For the latest MyParkExplore we spoke to Margaret McGhee of the Glasgow Ramblers about how they use parks across the city as part of their walking programe…
Glasgow Ramblers make good use of Parks throughout the year either as destinations or en route to destinations. We like to make our walks interesting and parks fulfil that purpose in educating us not only in natural history and geography but also local and rural history and culture. As the seasons change so too does the flora, fauna and wildlife. It’s as enjoyable walking through a park quietly blanketed in snow as it is in the springtime when life and colour returns. The many attractions within parks, including tearooms, encourage a return to find out more about an area we may not have known existed.
Over the recent few years, we have visited eight parks on the south side of the city. We use bus stops and stations for both circular and linear walks. One walk started from Shields Road Underground Station to Holmwood House in Cathcart via Maxwell Park in Pollokshields, Pollok Park and along the White Cart Water. The villa, designed by Scottish architect, Alexander “Greek” Thomson, sits in attractive grounds above the White Cart Water where we wandered and strolled around the kitchen garden planted with Victorian herbs, fruit and vegetables, followed by a visit to the café.
Pollok Park was a destination walk. There are woodlands, gardens, and riverside walks, plants and wildlife. Pollok House (National Trust for Scotland), within the Park, is packed with period furniture and the UK’s finest collection of Spanish art. The Burrell Collection is a ten minute walk away. Both Pollok House and the Burrell Collection have restaurants.
We have started an exciting project to waymark a 10 mile circular route through three urban parks – Linn Park, King’s Park, Castlemilk Park and over the Cathkin Braes. Linn Park has an outstanding diversity of wildlife, habitat and plant life, woodlands and river walks. Half a mile away is King’s Park with a formal lawn and rose beds, woodland walks and open grasslands. Castlemilk Park with its ancient woodlands, well-maintained paths and a waterfall lead upwards to the Cathkin Braes Country Park, the highest point in Glasgow at 200 metres above sea level. On a clear day there are panoramic views over the city, the Gleniffer Braes and the Kilpatrick and Campsie ranges. This is an area of outstanding natural beauty and of importance for nature conservation.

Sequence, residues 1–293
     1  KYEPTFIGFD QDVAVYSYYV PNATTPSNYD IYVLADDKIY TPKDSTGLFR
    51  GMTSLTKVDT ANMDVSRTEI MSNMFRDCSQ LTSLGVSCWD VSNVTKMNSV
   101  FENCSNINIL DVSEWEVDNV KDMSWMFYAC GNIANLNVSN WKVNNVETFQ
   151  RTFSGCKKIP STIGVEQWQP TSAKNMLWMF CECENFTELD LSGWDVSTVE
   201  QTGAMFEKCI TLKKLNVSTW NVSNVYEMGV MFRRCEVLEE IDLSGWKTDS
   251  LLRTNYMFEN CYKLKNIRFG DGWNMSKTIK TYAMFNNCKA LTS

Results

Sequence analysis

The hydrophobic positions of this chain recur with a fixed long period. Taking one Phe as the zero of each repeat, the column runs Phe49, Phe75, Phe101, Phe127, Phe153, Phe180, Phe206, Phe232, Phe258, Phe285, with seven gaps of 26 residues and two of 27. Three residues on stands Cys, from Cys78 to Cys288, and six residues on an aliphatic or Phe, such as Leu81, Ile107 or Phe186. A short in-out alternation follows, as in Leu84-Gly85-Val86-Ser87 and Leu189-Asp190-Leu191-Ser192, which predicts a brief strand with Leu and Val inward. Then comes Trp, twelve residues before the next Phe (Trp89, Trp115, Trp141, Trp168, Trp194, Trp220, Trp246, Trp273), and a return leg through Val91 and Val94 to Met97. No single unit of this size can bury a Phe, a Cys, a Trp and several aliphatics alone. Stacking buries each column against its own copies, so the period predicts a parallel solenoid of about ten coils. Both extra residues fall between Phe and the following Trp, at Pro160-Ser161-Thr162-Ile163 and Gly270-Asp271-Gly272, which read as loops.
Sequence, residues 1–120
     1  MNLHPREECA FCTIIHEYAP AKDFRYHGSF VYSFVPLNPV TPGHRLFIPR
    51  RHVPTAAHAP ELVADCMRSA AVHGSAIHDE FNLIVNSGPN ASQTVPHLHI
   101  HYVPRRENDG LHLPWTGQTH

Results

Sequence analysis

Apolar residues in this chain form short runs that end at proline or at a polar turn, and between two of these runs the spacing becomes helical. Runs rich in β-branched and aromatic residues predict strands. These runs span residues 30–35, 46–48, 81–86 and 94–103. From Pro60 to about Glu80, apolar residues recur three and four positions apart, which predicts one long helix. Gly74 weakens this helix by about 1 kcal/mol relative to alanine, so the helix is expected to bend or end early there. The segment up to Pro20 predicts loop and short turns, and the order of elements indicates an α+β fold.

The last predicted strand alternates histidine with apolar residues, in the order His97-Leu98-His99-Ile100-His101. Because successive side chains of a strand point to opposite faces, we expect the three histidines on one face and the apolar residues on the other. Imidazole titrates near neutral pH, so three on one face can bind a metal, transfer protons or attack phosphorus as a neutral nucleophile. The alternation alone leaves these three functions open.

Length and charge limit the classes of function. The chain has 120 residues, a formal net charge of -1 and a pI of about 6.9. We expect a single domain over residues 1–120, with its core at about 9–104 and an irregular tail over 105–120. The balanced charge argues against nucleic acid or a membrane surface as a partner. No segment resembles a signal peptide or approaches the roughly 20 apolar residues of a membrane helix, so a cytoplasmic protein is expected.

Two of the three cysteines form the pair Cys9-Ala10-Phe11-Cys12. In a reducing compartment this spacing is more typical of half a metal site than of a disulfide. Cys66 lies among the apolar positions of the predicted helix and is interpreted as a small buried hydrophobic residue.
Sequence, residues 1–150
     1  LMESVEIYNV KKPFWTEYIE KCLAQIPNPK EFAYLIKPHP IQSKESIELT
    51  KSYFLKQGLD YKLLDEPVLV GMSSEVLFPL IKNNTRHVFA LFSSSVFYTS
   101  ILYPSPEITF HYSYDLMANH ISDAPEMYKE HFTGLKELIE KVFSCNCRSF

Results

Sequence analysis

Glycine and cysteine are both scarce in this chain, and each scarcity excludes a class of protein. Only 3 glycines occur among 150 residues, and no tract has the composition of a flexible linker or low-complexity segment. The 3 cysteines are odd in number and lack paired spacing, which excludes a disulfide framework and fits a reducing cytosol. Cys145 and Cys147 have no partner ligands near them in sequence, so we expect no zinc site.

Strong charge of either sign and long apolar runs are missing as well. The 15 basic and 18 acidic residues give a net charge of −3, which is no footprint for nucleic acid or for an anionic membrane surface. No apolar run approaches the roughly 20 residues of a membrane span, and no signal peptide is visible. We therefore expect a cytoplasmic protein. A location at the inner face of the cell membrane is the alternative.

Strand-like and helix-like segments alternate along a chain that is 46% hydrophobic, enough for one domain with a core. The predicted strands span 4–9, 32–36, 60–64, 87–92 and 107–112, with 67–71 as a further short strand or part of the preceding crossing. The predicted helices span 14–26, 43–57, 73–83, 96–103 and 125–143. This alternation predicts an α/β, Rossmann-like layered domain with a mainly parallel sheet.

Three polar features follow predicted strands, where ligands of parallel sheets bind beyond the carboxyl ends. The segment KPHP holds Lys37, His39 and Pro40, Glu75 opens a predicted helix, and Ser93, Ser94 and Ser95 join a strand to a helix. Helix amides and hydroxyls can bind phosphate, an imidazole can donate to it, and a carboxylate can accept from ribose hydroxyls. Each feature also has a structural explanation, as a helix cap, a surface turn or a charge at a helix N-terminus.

We have walked a new Country Park – Dams to Darnley – shared by Glasgow City Council and East Renfrewshire Council. It covers an area of 1350 acres of open water, wetland and burn, woodland, grassland and scrub; important for wildlife, and its rich history.
On the North of the city, we have walked from Partick through Hayburn Park to the Kelvin Walkway and on to the Botanic Gardens and Arboreteum. There is a blend of formal gardens and woodland walks and a great tea room. Sometimes we continue on the Kelvin Walkway to reach the Forth and Clyde Canal path where we access many good destinations. One such is Dawsholm Park, the nature lover’s park.
Another circular destination walk: the City Centre to Victoria Park, with its formal gardens and the world famous fossil grove, over 250 million years old; a pond and the fossil museum.
To the east of the City, a park not as well known as it should be is Tollcross Park. Each year it hosts the International Rose Trials and in July and August the roses are at their most beautiful. The winter gardens have recently been refurbished and the hothouses have many exotic plant species. There is a sensory garden and a walk down through a wooded glen. There is also a café.
Another not so well known walk was from the Fort Shopping Centre in Easterhouse and through four separate Easterhouse woodlands with views over Bishop Loch. We passed Blairtummock House, the only 19th Century house remaining in Easterhouse.
The Clyde Walkway is another route to discovering the city and beyond. From here we walked to Dalmarnock passing Glasgow’s oldest park, Glasgow Green, on the way. This is home to the People’s Palace and the Winter Gardens where we stopped for a coffee and cake, most welcome as it was a very cold day.
Ruchill Park has a fantastic viewing point, from the base of the flag pole, over Glasgow, the Campsie Hills, Gleniffer Braes, and Cathkin Braes. It is also a habitat for wildlife with a number of conservation areas; deciduous woodlands; rose and flower beds plus jogging trails.
These are only some of the many parks in Glasgow waiting to be discovered. If you are interested in joining us on a walk, please visit our website at: www.glasgowramblers.org.uk to view our walk programme.
In planning our walks we have made use of the Heritage Trail Guides available for some parks. These can be downloaded from www.glasgow.gov.uk/parks. Leaflets with maps may also be available from local libraries or the Mitchell Library.
Ramblers Scotland has two “Medal Route” walk hubs within the city: one at the Botanic Gardens and the other at An Clachan café at Kelvingrove Park. Downlaod Medal Routes Walk maps.